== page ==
Portfolio 1 - focused on “A” credits (borrowing rates of approximately 6% and lower)
Portfolio 2 - focused on “C” credits (borrowing rates of approximately 15% and higher)
To put these two portfolios into perspective, according to historical data from Moody’s and S&P:
“AAA” loans typically default at approximately 0.6% with recovery rates around 70% = 0.2% loss rates on average
“CCC” loans typically default at approximately 70% with recovery rates around 60% = 40% loss rates on average
Given this loss data, which reflects the distinctly non-linear increase in defaults as credit quality decays, all other factors being equal, one must ask: Is an investor properly compensated for investing in the 7% 3-year security versus the 11% 3-year security? Does 400 basis points (bps) of additional yield compensate for the additional losses the “C” credit portfolio will experience?
Another important pricing consideration is how differing quality credit portfolios behave during a change in underlying market/economic conditions. During a recession an AAA portfolio might become an A portfolio which, due to the non-linear change in defaults rates, results in a modest change in aggregate write-offs while a BBB portfolio might become a CCC portfolio completely eroding the benefit of the additional original yield, and perhaps raising the threat of significant capital loss.
I would also argue, given the larger probability of individual defaults, lower credit portfolios must be highly diversified to take advantage of the law of large numbers. Undiversified portfolios of lower credit quality investments may deviate significantly from historical defaults rates with possibly good or bad consequences but ultimately this merely represents increased volatility which is risk for which the investor must receive additional compensation over and above the already high yields that such portfolios should provide, meaning that: with all other factors being equal, a less diversified portfolio of lower credits should attract even higher yields than a more diversified portfolio of the same credits.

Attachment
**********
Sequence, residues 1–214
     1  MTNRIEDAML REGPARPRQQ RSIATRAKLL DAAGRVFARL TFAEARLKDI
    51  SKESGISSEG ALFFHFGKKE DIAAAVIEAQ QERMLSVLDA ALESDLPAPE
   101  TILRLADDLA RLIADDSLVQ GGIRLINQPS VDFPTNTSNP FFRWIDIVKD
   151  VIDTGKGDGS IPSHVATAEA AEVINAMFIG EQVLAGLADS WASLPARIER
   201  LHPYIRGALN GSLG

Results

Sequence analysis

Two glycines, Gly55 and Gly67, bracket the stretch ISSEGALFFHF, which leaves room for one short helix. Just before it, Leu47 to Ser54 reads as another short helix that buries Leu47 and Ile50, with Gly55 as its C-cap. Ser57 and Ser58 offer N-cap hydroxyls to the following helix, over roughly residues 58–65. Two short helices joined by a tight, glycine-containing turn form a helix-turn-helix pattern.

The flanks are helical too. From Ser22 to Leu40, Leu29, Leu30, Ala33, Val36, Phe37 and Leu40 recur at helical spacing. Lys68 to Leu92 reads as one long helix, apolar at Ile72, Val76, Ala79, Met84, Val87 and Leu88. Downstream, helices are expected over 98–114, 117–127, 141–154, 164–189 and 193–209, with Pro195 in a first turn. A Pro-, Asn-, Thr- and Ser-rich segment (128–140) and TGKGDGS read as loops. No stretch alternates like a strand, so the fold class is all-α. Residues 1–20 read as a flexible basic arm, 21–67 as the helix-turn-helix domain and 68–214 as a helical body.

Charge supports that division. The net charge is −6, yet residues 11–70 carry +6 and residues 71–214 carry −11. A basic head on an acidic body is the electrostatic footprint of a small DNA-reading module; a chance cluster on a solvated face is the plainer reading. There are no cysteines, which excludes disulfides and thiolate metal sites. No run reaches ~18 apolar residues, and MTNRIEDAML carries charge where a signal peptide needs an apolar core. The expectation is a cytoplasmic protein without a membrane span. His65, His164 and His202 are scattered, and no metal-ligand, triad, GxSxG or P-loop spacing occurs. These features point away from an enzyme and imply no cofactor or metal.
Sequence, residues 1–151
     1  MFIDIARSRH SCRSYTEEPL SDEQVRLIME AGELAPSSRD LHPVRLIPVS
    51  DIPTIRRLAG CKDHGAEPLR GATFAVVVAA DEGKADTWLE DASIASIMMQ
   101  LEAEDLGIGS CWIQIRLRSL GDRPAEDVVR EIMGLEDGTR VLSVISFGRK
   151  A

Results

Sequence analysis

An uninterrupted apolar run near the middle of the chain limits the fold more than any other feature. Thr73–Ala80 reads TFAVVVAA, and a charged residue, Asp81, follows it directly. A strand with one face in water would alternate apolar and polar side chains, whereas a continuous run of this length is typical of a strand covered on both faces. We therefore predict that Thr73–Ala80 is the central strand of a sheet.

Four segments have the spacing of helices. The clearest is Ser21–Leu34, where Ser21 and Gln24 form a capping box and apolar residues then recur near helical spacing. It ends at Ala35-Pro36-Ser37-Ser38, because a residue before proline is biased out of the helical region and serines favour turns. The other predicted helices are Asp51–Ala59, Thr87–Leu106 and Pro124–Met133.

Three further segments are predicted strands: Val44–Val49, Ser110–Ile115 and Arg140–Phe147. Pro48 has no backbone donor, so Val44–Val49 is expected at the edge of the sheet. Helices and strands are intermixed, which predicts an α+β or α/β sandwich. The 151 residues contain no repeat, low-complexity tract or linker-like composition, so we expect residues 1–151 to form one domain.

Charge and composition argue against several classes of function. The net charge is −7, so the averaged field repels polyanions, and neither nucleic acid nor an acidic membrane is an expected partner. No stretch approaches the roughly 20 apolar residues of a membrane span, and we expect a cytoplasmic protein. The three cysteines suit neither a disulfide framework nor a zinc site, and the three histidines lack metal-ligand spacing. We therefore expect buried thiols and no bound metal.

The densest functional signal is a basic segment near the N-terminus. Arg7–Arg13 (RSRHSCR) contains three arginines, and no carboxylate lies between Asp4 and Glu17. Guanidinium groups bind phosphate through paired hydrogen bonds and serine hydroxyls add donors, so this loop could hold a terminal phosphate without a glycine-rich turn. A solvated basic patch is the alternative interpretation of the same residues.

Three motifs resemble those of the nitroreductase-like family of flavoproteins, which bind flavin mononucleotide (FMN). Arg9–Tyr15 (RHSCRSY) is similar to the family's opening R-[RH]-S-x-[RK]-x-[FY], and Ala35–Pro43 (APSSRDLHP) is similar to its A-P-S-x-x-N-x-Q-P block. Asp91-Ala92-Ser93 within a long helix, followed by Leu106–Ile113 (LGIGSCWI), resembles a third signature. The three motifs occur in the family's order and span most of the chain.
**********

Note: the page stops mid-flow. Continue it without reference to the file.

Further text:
Mr. Stephen Johnston is a Co-Founder and Partner at Agcapita Partners LP. Previously, Mr. Johnston was the Head of the Societe Generale Asset Management - Emerging Markets United Kingdom, where he was the Head of the Private Equity Team responsible for closed-end funds covering the Baltics, Central and Eastern Europe, and the Middle East with almost C$ 500 million under management. He has over 18 years’ experience as a fund manager from both the private equity and debt markets perspectives. Mr. Johnston has been featured on radio, TV and print media including CBC Business News, BNN, Fortune Magazine, Rolling Stone, the Financial Times, the Globe and Mail and the Wall Street Journal. Mr. Johnston’s monthly investment briefings are now read by almost 20,000 subscribers. Mr. Johnston received an M.B.A. from London Business School in 1994. He also received an L.L.B. in 1990 and a B.Sc. (honours) in Biology in 1987 from the University of Alberta.
 Moody’s Investor Services – Credit Loss Rates on Similarly Rated Loans and Bonds – Dec 2004